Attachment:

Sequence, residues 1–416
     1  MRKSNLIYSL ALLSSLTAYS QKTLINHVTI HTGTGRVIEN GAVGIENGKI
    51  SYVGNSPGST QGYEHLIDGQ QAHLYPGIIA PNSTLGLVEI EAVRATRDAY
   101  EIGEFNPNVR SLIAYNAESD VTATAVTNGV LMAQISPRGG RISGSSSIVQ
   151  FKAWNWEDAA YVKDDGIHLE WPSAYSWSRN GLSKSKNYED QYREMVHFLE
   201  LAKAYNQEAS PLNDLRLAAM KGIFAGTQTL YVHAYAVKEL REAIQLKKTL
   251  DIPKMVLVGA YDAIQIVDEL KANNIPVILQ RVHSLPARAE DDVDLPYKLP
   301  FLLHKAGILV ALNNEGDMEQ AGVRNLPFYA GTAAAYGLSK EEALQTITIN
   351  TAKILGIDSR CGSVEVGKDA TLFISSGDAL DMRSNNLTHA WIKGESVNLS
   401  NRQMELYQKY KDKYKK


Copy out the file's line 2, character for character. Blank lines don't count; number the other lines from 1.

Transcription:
     1  MRKSNLIYSL ALLSSLTAYS QKTLINHVTI HTGTGRVIEN GAVGIENGKI